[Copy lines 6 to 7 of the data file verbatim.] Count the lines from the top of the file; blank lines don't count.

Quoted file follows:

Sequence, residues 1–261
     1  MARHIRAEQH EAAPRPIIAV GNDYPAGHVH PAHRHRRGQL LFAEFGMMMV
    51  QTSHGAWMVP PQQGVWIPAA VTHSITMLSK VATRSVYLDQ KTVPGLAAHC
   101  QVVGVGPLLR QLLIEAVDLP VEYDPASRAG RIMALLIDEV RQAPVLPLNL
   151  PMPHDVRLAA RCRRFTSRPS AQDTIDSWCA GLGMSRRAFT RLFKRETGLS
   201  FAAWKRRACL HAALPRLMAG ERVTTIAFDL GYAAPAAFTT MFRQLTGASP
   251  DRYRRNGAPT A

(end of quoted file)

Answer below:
   201  FAAWKRRACL HAALPRLMAG ERVTTIAFDL GYAAPAAFTT MFRQLTGASP
   251  DRYRRNGAPT A